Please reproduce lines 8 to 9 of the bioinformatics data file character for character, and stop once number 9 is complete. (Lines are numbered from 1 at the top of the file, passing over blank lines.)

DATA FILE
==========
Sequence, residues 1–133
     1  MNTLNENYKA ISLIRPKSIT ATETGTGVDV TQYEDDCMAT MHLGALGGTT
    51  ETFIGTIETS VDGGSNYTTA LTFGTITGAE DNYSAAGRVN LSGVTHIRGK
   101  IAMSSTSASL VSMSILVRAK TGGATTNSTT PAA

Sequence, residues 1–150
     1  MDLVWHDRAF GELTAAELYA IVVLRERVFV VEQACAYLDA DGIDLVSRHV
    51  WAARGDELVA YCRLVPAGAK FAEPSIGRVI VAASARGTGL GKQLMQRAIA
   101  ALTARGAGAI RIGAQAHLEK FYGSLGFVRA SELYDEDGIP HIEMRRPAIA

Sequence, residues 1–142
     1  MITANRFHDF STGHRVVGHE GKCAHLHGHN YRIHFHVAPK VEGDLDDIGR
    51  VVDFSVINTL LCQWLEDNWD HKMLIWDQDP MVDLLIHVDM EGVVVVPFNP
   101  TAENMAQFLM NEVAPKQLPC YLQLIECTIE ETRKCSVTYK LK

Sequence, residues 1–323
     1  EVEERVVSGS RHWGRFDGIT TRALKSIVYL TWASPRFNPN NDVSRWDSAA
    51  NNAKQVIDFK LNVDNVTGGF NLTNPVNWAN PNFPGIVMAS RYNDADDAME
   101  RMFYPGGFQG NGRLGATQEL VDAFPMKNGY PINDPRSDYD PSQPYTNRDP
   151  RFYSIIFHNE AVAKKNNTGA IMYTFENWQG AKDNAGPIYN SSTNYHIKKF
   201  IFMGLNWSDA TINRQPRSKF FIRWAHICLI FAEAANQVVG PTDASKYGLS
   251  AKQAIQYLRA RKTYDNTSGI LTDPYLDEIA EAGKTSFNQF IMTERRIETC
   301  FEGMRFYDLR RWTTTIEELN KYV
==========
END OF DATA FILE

   101  ALTARGAGAI RIGAQAHLEK FYGSLGFVRA SELYDEDGIP HIEMRRPAIA

Sequence, residues 1–142